When I moved on from my last church they were kind enough to give me some money as a leaving gift as well and as I had not spent this I decided that it would be rather a nice thing to buy a watch again. I looked into the possibility of buying another kinetic watch but they are rather expensive. Then I looked at other forms of self winding watches and found one that I like the look of on a well-known Internet auction site. It was being sold by a company that resold items which had been returned to a well-known high street catalogue-based retailer and was significantly cheaper than the normal retail price.
I bought it and have been very happy with it. But there is one difference between this and my kinetic watch. Whilst this watch uses my arm movements to wind the spring in the watch this only extends the length of time between winds to a couple of days, it does not keep the watch wound in perpetuity. It took me a while to realise this and then get used to it. Because I can see the spring through the face of the watch I can tell when it needs winding.
But I sometimes forget and only realise that the watch needed winding overnight when I check the time later in the day and realise that it is a couple of hours out. Thankfully because timepieces are relatively ubiquitous (on my computer, phone, tablet as well as on my desk, on the wall, in the car…) I’m usually able to find the correct time and reset the watch.
It seems to me that Christians are sometimes like kinetic watches. We make a commitment to follow Jesus Christ and then imagine that through our regular attendance at church our relationship with him is maintained. And to an extent it will be, but it will slowly run down and you may well find yourself frustrated and feeling spiritually worn out after a while. What Jesus was demonstrating to his followers (and that includes us) was that a relationship with “Our Father in heaven” is more like my ‘self-winding’ watch that benefits from regular attention.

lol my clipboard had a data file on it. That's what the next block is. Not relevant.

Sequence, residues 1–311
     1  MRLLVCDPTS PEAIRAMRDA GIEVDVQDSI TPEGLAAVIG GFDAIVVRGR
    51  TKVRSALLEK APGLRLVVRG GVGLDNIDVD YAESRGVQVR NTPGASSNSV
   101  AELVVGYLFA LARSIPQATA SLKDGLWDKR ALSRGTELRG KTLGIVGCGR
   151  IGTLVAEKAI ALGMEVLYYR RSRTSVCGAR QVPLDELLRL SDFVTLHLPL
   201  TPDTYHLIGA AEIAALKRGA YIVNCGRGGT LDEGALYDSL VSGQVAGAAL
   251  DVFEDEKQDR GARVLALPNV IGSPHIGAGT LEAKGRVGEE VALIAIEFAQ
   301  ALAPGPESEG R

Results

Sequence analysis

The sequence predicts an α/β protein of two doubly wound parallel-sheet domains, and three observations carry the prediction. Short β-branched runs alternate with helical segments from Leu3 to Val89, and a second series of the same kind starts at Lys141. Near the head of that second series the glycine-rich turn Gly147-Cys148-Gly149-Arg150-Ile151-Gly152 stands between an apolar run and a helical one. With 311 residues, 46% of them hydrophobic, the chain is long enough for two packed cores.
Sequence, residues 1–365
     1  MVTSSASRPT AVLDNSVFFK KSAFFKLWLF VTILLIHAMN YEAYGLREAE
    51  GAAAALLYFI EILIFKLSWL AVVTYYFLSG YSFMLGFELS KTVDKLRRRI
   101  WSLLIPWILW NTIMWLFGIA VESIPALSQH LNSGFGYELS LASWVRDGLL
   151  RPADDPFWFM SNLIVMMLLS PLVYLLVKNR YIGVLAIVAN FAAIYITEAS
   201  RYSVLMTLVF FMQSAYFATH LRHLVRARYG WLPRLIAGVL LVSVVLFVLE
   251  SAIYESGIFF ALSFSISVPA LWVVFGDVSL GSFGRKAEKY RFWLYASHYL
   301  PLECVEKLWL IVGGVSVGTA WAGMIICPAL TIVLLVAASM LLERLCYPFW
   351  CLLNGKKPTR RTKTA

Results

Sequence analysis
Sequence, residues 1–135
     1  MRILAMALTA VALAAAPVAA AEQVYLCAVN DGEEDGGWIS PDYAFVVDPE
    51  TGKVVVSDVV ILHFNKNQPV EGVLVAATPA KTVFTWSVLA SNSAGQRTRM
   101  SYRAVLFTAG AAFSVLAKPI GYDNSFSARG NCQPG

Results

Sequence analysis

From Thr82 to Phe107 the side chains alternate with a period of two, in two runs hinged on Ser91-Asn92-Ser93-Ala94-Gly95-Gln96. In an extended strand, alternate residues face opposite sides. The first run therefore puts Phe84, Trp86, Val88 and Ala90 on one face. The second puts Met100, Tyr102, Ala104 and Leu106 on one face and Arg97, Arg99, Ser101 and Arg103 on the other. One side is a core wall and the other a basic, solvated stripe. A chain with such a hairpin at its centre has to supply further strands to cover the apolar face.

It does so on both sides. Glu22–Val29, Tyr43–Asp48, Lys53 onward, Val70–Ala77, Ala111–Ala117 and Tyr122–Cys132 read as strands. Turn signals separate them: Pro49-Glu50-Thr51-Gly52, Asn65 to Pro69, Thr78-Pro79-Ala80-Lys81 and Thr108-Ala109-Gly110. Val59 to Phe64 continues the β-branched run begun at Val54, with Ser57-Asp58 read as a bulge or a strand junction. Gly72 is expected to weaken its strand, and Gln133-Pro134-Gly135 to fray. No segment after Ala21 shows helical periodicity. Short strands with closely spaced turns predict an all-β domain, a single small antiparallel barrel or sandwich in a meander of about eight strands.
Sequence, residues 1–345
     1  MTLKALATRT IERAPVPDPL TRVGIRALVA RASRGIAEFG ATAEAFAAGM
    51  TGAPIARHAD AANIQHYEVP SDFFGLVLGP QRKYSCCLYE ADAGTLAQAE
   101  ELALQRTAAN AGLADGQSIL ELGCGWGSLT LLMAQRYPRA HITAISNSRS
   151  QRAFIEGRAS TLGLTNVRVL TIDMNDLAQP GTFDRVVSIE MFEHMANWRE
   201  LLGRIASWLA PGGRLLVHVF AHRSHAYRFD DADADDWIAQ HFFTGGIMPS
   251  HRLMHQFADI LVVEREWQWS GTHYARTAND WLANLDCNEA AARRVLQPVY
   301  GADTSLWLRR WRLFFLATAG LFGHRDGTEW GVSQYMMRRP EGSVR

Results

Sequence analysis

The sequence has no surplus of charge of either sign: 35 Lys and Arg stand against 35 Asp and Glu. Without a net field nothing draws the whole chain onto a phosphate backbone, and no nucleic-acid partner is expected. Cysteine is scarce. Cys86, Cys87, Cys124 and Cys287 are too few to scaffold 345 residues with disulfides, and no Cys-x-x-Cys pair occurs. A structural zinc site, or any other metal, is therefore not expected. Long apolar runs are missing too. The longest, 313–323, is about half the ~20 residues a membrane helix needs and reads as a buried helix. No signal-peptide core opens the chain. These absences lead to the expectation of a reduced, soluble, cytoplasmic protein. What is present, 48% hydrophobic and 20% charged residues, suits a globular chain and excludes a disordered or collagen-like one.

Prayer can be as much a part of our daily living as breathing is (it is like oxygen for our soul). Reading the Bible need not be something special but can be routine (like regular meals for our soul). All that we say and do can be dedicated as an act of worship if we consciously decide that it will be – giving our best to honour God.
And if that sounds like I am making my Christian faith seem quite mundane and every day then hallelujah! I am not diminishing the honour and privilege and grace of a relationship with God through Jesus, don’t get me wrong. That God is even interested in me is incredible, never mind that he loves me as much as he does! But he wants to be part of our everyday ordinary working walking eating sleeping watching telly sending emails talking with people texting driving drinking internetting laughing crying surprising mundane lives. I think he longs to be a natural part of everyone’s life – so much so that we don’t consciously have to remember him because he is involved in everything.
Does that sound idealistic? Does it sound impossible? It is on our own, which is why Jesus gave the Holy Spirit to us in order to help us in our relationship with God. He is with us always. He’s constantly nudging, speaking, encouraging, suggesting, reminding, provoking, praying, listening, hoping, blessing and seeking a response from us so that in partnership with him our awareness of God (Father, Son, Spirit) grows and our relationship deepens. All you need to do is ask for it to start. And then like my self-winding watch give him your regular attention. It doesn’t happen overnight but the more we involve God in everything the more we find he is involved in everything already and has simply been waiting for us to realise that.
Be blessed, be a blessing.